Date on Master's Thesis/Doctoral Dissertation


Document Type

Doctoral Dissertation

Degree Name

Ph. D.


Environmental and Occupational Health Sciences

Degree Program

Public Health Sciences with a specialization in Environmental Health, PhD

Committee Chair

Tollerud, David

Committee Co-Chair (if applicable)

Bhatnagar, Aruni

Committee Member

Bhatnagar, Aruni

Committee Member

Jacobs, Robert

Committee Member

Baumgartner, Kathy

Committee Member

Liu, Gilbert

Committee Member

Wilson, Jeffrey

Author's Keywords

GIS; CVD; vegetation; greenness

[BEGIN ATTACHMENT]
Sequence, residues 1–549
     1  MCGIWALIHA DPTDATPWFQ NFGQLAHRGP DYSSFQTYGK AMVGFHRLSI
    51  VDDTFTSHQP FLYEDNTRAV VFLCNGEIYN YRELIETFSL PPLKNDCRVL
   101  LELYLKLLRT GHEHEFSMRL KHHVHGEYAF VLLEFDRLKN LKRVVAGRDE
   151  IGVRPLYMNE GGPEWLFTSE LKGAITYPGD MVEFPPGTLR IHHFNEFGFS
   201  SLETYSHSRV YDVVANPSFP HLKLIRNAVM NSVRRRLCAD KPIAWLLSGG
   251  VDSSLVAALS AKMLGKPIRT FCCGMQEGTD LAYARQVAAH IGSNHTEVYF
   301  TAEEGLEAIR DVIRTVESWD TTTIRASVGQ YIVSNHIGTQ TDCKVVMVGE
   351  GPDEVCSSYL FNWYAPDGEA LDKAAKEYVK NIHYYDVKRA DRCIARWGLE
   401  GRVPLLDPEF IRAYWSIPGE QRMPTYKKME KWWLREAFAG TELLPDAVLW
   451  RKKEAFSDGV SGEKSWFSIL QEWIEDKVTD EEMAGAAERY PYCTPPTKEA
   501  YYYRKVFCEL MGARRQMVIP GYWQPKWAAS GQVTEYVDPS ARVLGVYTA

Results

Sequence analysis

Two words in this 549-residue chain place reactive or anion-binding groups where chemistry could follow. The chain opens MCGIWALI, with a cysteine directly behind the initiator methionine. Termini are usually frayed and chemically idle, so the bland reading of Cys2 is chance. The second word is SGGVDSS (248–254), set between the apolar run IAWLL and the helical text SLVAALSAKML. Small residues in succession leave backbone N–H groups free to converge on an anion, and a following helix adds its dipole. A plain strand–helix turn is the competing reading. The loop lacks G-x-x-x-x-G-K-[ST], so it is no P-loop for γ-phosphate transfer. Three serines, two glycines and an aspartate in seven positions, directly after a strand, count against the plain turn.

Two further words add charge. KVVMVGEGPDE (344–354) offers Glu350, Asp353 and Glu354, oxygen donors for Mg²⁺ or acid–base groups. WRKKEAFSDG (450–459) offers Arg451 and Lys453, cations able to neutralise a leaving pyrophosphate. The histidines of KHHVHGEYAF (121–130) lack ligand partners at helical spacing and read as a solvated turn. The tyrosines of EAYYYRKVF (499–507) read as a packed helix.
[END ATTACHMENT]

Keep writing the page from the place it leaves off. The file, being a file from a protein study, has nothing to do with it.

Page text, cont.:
The built environment affects numerous aspects of human health and wellbeing, including risk of cardiovascular disease (CVD), the leading cause of morbidity and mortality in both the U.S. and worldwide. The amount and quality of environmental vegetation, is an important aspect of the built environment that affects known CVD risk factors, including psychosocial stress, health behaviors, and exposure to air pollutants. Nevertheless, little evidence on the role of potential mechanisms and geographic scale in these relationships exists. Of previous studies that describe associations between vegetation and CVD outcomes, limited investigation has been performed to assess these observed relationships in differing urban environments. It also remains unclear how environmental vegetation may affect biological processes that affect CVD risk, prevalence, and outcomes. This dissertation investigates relationships between environmental vegetation and possible associations with aspects of CVD risk among residents. The first chapter describes CVD risks, vegetation, and relationships therein. The second chapter describes the association between environmental vegetation and CVD hospital admissions at the zip code level. The third chapter assesses relationships between residential area vegetation and metabolites of harmful VOCs, benzene and acrolein, among participants in the Louisville Healthy Heart Study. The fourth chapter examines relationships between residential vegetation and circulating angiogenic cells among participants in the Louisville Healthy Heart Study. The fifth and final chapter reviews findings of previous chapters and describes potential future investigations into links between vegetation and cardiovascular health. Results of this work contribute to existing literature on the relationships between vegetation and human health, which may be useful in the development of future studies.